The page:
Ghost guns are firearms that can be made at home from kits or 3D printed parts. They’re unregulated and untraceable, meaning no background check is required to purchase them. Dr. Alex McCourt, a public health lawyer with the Hopkins Center for Gun Violence Prevention and Policy, talks with Stephanie Desmon about why these guns are so dangerous, what we know and don’t know about their use in violent crimes, and Biden’s proposal for ATF regulation.
Canada is experiencing a serious wave of COVID infections with the majority from variants of concern like B.1.1.7. British Columbia currently has one of the highest rates of P.1 outside of Brazil itself where the variant was first discovered. Dr. Brian Goldman, the host of two CBC podcasts and a clinician at Sinai Health System in Toronto, returns to the podcast to talk with Dr. Josh Sharfstein about the factors that contributed to Canada’s COVID crisis, including logistical issues with distributing vaccines.
India is in the throes of the world’s worst COVID-19 infection with overwhelmed health systems, and a shortage of oxygen, hospital beds, testing, and medications. Dr. Amita Gupta, chair of the Johns Hopkins India Institute, talks with Dr. Josh Sharfstein about how this ”unprecedented public health disaster” snuck up on the country after they successfully controlled the first wave back in the fall. They also discuss what needs to be done to address the crisis, and how you as an individual can help. Note: Please consider donating to the following organizations: https://giving.jhu.edu/ways-to-give/international-giving/johns-hopkins-india-institute/ https://www.jhpiego.org/countries-we-support/india/
The recent mass shooting in Indianapolis sparked a national conversation about “red flag” laws, or Extreme Risk Protection Orders. Dr. Josh Sharfstein talks with Dr. Shannon Frattaroli of the Johns Hopkins Center for Gun Violence Prevention and Policy, and Josh Horwitz of the Coalition to Stop Gun Violence about ERPOs and what went wrong in Indiana, and what needs to be done to implement laws effectively that keep firearms from people at high risk of harming themselves or others.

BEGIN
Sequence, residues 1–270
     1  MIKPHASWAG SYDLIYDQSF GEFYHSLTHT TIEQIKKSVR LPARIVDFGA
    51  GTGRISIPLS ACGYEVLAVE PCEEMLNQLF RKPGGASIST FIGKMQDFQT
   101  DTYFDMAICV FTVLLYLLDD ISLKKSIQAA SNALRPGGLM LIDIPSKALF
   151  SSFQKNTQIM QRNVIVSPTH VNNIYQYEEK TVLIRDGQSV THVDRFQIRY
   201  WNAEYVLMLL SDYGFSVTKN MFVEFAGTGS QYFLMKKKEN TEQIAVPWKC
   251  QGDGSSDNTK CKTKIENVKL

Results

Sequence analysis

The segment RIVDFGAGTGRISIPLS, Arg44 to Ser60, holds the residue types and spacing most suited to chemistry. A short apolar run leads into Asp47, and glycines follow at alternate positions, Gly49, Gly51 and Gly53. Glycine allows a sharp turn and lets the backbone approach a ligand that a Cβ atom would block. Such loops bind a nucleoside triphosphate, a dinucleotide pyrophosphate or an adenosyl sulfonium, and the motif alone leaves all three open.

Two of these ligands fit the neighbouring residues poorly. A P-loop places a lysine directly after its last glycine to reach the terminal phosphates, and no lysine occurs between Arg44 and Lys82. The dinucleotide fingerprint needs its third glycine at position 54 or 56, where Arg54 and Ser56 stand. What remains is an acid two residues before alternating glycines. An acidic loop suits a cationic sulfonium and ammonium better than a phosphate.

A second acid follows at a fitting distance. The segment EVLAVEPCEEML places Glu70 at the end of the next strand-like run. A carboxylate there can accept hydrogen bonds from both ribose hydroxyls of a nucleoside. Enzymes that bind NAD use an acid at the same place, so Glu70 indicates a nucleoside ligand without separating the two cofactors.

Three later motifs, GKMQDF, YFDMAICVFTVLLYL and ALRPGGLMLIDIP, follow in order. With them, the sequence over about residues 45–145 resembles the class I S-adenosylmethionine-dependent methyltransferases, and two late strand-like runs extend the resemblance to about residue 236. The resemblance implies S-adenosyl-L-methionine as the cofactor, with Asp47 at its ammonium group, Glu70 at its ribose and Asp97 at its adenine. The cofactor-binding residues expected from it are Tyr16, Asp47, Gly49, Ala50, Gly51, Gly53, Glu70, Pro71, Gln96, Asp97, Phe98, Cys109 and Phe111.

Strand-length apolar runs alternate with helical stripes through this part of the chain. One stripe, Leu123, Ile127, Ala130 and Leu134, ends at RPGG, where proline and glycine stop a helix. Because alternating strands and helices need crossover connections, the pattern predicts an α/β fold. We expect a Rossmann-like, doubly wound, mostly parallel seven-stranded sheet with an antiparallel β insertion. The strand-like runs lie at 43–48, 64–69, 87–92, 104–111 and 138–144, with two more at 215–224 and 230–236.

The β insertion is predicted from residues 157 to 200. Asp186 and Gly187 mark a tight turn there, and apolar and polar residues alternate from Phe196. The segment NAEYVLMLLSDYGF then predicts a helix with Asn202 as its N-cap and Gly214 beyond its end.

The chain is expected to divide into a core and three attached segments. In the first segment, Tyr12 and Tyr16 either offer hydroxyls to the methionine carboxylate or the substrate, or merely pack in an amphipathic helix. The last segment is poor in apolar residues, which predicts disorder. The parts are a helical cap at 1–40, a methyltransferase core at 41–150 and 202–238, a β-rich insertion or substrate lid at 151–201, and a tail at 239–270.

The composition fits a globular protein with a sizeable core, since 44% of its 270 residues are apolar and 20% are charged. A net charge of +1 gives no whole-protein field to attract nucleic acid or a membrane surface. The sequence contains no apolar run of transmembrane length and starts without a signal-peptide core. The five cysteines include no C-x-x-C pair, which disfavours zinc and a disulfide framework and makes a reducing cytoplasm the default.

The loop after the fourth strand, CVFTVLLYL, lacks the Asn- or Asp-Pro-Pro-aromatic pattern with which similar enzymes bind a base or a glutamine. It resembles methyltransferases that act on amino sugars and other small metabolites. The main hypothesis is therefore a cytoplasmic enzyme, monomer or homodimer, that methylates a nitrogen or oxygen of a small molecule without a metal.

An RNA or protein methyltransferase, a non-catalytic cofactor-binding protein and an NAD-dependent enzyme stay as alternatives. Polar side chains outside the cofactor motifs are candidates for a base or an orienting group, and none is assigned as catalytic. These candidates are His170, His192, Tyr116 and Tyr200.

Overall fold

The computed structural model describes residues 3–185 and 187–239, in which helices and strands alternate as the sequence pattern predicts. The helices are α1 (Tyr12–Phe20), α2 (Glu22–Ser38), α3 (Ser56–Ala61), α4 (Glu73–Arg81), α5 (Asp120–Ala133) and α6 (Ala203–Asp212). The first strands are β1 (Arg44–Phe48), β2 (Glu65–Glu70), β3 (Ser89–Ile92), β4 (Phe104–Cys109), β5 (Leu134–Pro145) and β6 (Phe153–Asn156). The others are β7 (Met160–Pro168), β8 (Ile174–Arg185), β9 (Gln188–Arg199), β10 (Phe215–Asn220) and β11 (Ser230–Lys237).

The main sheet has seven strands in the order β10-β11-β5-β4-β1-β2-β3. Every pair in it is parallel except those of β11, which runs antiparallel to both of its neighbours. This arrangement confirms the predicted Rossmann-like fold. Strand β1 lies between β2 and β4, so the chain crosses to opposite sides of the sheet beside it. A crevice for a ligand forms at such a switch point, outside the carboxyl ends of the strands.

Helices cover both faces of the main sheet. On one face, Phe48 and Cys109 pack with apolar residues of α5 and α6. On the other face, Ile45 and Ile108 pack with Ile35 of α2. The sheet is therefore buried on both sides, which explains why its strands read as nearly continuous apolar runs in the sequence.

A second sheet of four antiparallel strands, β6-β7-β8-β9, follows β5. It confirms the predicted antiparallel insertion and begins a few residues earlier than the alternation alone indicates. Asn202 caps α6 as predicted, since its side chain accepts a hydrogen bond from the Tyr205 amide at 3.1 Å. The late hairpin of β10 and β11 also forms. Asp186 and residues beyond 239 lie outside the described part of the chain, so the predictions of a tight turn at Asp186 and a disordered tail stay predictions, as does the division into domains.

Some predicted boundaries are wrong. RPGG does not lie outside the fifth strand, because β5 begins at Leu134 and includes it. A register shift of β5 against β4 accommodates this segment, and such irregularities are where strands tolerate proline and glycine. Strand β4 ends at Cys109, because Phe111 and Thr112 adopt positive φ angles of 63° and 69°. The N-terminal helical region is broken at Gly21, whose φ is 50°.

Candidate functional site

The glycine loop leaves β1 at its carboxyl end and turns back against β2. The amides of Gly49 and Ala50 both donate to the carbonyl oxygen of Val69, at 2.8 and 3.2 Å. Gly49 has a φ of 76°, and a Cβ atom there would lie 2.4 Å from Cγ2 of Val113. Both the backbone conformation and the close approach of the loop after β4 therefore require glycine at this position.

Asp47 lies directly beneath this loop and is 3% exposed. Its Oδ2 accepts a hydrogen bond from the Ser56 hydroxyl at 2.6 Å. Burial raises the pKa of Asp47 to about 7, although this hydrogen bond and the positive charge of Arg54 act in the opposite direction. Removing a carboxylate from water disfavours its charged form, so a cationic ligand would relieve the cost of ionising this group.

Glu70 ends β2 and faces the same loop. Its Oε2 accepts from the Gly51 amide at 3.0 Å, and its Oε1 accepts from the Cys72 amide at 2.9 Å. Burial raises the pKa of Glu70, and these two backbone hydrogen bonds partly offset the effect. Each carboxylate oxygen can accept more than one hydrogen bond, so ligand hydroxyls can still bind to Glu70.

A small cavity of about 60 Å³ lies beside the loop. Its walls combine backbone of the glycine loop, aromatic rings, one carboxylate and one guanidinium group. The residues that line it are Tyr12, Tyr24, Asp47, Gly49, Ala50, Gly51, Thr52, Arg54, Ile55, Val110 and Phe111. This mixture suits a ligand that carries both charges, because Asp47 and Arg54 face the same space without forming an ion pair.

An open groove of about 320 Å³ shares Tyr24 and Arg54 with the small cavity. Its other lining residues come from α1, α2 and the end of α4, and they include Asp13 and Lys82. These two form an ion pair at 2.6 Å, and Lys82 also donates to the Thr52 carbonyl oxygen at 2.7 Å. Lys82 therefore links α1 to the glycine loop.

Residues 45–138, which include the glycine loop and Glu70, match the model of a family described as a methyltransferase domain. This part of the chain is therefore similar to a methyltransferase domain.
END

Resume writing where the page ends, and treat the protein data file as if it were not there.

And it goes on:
Lancaster County is home to one of the largest Amish and Mennonite, or “Plain”, communities in the US. In the last year, it’s estimated that 90% of families had a case of COVID-19 in their household, but experts don’t know for sure how widespread infections were because of a lack of testing data. Reporter Nicole Brambila talks with Stephanie Desmon about the challenges of getting Plain families to adopt public health measures, and how past experiences from polio and measles outbreaks can offer insights for rallying the communities to get vaccinated.
Early in the vaccine rollouts, 14 clinics in the San Francisco Health Network texted their most vulnerable patients a webform to sign up for COVID-19 vaccine appointments. Dr. Anna Robert, director of primary care, talks with Dr. Josh Sharfstein about how the webform went viral with people from all over the Bay area taking appointments meant for specific individuals, how the clinics addressed the situation, and what they learned about outreach to patients who most need the vaccine but may be hesitant to sign up.
In this episode, Dr. Josh Sharfstein talks with Hopkins researchers who break down three papers looking at reinfection. Dr. Sheree Schwartz, an epidemiologist, talks about a CDC paper on reinfections in a single Kentucky nursing home. Henri Garrison-Desany, a doctoral student in epidemiology, talks about two papers: a Lancet paper from Denmark and one in the Journal of Infection from Brazil. These researchers are part of the Hopkins novel coronavirus research consortium, with many summaries of new studies available at http://ncrc.jhsph.edu.
COVID is creating massive environmental issues such as the 1.56 billion face masks that entered the oceans in 2020 alone. Teale Phelps Bondaroff, the Director of Research for Oceans Asia, talks with Stephanie Desmon about how improperly discarded PPE to a massive rise in the production of single-use plastics are setting the world significantly back in controlling its problem with microplastics and pollution.